Calves sold in marts for less than 50 cent as beef crisis reaches extreme level

Senator says 380 dairy bull calves sold for less than a euro compared to €110 last year

The Seanad has heard that  some calves were sold for less than 50 cent at a mart in Bandon on Monday. Photograph: iStock

The Seanad has heard that some calves were sold for less than 50 cent at a mart in Bandon on Monday. Photograph: iStock

 

The beef crisis has reached such an extreme that dairy calves have been selling for less than 50 cent each, the Seanad has been told.

Fine Gael Senator Tim Lombard said “we are in a crisis” with deflated prices particularly in marts.

The Cork South-West based Senator said he was at Bandon mart on Monday, Ireland’s biggest calf mart, where “nearly 1,800 calves went through, some of which were sold for less than 50 cent, when they were making €110 last year. There is a particular issue with bull Friesian calves.”

He said “last year dairy calves were costing anything between €60 and €110. Yesterday 380 dairy bull calves were sold for less than 50 cent (each). This is the stuff of 1960. It is bizarre that we have such an issue nowadays.”

Calves last hit those low prices in the 1960s and early 1970s before Ireland joined the then European Economic Community.

The Senator, who is a dairy farmer said that practices had changed to such an extent that mixed farming in Ireland is coming to an end.

Speaking after raising the issue in the Seanad he said that dairy farmers will let bull calves go, at 14 days old, for that low price because it is not sustainable to keep them if they are running a dairy farm.

He said the chaos in the market was not Brexit related because these calves were being exported to Continental Europe where there is significant demand for veal and calves.

The calves, exported live, are held in “lairage” when they arrive in Cherbourg - large sheds where they are fed and rested for 24 hours before they are moved on to markets in France, the Netherlands and Spain.

Cattle prices are based on supply and demand and 14 or 15 exporters operate independently.

Mr Lombard said that an exporter might be “sitting on the market”. If there is no demand they can set the price so low “and the knock-on effect is that they will continue to make their profit margin”. He said “the only person being squeezed in this scenario is the dairy or beef farmer”.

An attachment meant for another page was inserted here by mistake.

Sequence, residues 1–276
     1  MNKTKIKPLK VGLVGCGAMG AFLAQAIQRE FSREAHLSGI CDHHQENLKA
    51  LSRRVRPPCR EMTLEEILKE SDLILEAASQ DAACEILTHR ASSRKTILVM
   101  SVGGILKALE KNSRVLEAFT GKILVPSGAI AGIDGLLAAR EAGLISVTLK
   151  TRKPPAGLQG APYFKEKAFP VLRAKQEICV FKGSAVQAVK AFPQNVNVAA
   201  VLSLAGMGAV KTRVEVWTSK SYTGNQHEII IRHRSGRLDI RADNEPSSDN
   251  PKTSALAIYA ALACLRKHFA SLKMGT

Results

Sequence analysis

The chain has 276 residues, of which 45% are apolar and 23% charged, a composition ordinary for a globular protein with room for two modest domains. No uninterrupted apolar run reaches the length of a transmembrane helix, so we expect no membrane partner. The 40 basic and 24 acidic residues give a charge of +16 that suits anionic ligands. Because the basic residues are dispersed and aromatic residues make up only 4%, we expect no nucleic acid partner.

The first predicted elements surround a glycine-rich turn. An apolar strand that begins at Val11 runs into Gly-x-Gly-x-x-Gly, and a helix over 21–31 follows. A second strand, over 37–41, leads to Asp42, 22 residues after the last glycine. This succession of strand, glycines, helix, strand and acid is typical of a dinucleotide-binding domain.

He called for an umbrella organisation of exporters to be established which would make exporters “efficient and accountable”.

Mr Lombard acknowledged that there is no obligation for exporters to set up such a body and the current state of flux in the beef industry suits exporters “because the more chaos there is, the more money they can make”.

It was time for farming organisations and the Department of Agriculture to get involved in pushing for this umbrella group. He said that currently the department has to deal individually with each exporter which is “inefficient and costly”.

Seanad leader Jerry Buttimer said he would invite Minister for Agriculture Michael Creed to the House after the St Patrick’s week recess.

The IFA will on Wednesday brief TDs and Senators on the beef crisis which they attribute to multiple factors including poor prices, rising costs and reduced direct payments. The farming organisation said the crisis had been compounded by the weakness of sterling and the major uncertainty around Brexit.

Farmers will be calling for a comprehensive package of market supports and direct aid for farmers from the EU Commission. Other measures they are demanding include “strong support for the live export trade” and to ensure no further restrictions are imposed. The IFA also calls on the Government to challenge the meat factories to “immediately increase prices and prioritise the young bull kill”.